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Fort Bragg Support Of Graham Evangelistic Event Broke Military Rules, Watchdog Group Says
Americans United, Allies Urge Top Brass To Ensure That The Military Doesn’t Sponsor Proselytizing In The Future
WASHINGTON - July 5 - Americans United for Separation of Church and State today asked U.S. Army leaders to ensure that officials at Fort Bragg in North Carolina don’t sponsor events that give selective benefits to religious groups.
In a letter sent todayto Secretary of the Army John M. McHugh and commanders at Fort Bragg, Americans United and allied civil liberties groups take issue with “Rock the Fort,” an evangelical Christian rally that took place at the installation in 2010.
The event, sponsored by the Billy Graham Evangelistic Association, was heavily promoted by Fort chaplains and received $50,000 in financial support and $30,000 in logistical and security support.
“‘Rock the Fort’ was clearly designed to evangelize people into a conservative form of Christianity,” said Ayesha N. Khan, Americans United legal director. “No branch of the government, much less the Army, has any business promoting an endeavor like that.”
Americans United, the American Civil Liberties Union of North Carolina and the ACLU Program on Freedom of Religion and Belief filed a Freedom of Information Act request with the military about the Rock the Fort event.
After studying the documents and doing additional research into military rules, the three groups have determined that officials at Fort Bragg violated several Department of Defense regulations by supporting Rock the Fort.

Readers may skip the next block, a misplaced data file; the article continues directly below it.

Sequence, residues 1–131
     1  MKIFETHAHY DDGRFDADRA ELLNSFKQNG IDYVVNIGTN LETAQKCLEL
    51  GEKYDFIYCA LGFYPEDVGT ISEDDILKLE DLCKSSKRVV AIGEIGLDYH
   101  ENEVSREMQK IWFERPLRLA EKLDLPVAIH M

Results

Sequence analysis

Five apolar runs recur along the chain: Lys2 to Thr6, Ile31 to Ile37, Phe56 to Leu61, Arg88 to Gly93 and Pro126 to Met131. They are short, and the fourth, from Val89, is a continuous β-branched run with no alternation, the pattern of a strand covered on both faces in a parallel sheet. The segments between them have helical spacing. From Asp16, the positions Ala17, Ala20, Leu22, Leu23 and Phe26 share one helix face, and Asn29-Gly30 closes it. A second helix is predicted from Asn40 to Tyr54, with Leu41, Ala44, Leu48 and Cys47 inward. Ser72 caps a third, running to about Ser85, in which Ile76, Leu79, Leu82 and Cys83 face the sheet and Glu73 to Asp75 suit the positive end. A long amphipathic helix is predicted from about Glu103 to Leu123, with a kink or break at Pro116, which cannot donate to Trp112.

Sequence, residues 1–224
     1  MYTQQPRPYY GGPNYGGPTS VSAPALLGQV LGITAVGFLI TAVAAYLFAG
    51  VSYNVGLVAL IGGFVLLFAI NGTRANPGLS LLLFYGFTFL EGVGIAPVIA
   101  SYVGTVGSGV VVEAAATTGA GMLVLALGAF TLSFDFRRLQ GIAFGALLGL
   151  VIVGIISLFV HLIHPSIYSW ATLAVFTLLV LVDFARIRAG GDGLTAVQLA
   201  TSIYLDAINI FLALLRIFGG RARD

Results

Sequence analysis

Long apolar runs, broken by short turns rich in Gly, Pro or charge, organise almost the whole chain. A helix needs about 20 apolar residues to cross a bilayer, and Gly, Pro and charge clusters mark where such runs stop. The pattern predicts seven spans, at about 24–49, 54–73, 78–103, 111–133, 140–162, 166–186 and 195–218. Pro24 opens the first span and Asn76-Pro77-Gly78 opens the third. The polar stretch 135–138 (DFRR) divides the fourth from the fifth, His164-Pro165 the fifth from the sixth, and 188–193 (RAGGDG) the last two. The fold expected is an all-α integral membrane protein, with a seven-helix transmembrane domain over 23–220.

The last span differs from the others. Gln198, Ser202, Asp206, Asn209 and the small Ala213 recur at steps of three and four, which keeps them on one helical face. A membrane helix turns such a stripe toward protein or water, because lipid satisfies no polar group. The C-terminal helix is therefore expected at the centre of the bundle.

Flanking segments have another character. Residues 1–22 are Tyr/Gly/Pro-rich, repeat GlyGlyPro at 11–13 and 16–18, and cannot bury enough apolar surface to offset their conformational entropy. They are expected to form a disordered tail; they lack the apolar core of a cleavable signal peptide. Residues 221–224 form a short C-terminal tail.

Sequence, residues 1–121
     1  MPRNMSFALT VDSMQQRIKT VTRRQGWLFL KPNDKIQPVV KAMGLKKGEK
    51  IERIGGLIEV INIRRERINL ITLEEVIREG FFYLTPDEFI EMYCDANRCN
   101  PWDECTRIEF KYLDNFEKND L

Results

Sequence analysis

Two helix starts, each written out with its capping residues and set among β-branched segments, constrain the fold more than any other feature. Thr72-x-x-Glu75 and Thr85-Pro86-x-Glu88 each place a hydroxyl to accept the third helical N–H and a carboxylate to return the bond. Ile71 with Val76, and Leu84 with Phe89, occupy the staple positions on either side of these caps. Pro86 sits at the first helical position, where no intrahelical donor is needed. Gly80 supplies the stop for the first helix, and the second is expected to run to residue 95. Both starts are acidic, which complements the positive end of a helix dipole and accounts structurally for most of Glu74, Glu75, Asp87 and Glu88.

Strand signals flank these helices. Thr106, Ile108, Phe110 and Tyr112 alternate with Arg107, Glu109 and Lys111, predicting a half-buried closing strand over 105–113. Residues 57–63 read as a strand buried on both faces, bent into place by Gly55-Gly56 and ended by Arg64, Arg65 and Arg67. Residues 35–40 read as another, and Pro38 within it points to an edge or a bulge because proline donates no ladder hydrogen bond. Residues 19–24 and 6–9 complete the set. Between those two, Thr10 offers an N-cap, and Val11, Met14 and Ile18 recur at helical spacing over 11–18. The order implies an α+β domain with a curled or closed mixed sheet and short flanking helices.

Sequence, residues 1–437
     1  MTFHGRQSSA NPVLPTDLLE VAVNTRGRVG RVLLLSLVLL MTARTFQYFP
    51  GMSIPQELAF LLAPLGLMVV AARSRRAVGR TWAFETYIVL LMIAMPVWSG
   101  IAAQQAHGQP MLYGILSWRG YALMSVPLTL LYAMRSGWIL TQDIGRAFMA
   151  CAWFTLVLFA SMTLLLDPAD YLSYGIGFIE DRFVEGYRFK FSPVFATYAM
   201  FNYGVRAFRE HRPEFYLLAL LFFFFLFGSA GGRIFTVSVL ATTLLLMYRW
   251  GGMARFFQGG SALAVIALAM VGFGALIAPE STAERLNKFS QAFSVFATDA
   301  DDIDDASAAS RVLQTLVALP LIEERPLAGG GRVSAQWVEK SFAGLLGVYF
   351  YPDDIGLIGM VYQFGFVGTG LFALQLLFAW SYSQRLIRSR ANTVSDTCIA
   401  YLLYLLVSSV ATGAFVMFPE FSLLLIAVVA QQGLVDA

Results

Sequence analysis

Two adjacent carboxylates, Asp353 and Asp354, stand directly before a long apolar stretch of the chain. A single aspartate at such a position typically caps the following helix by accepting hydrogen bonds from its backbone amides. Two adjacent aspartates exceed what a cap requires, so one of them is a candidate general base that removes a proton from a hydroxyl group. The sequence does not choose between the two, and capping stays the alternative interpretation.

“Supporting an event designed to increase membership in Christian churches cannot be squared with [Army] regulations, much less with the First Amendment,” observes the letter. “Furthermore, based on the Army’s own admissions, it is clear that Fort Bragg officials engaged in substantial co-sponsorship and support of Rock the Fort – support that cannot plausibly be deemed ‘incidental.’”
The letter asks Army Secretary McHugh and other officials to ensure that the Army strictly adheres to constitutional mandates and rules barring selective benefits to religious organizations. It also asks that the military refrain from supporting any event that promotes religion and to provide proper training to personnel at Fort Bragg to ensure adherence to military regulations in making decisions about partnering with outside organizations.
It also asks the Army to provide a venue and support to “Rock Beyond Belief,” a non-theistic event planned after the controversy over the Graham rally, to the extent that this can be done consistently with the Constitution.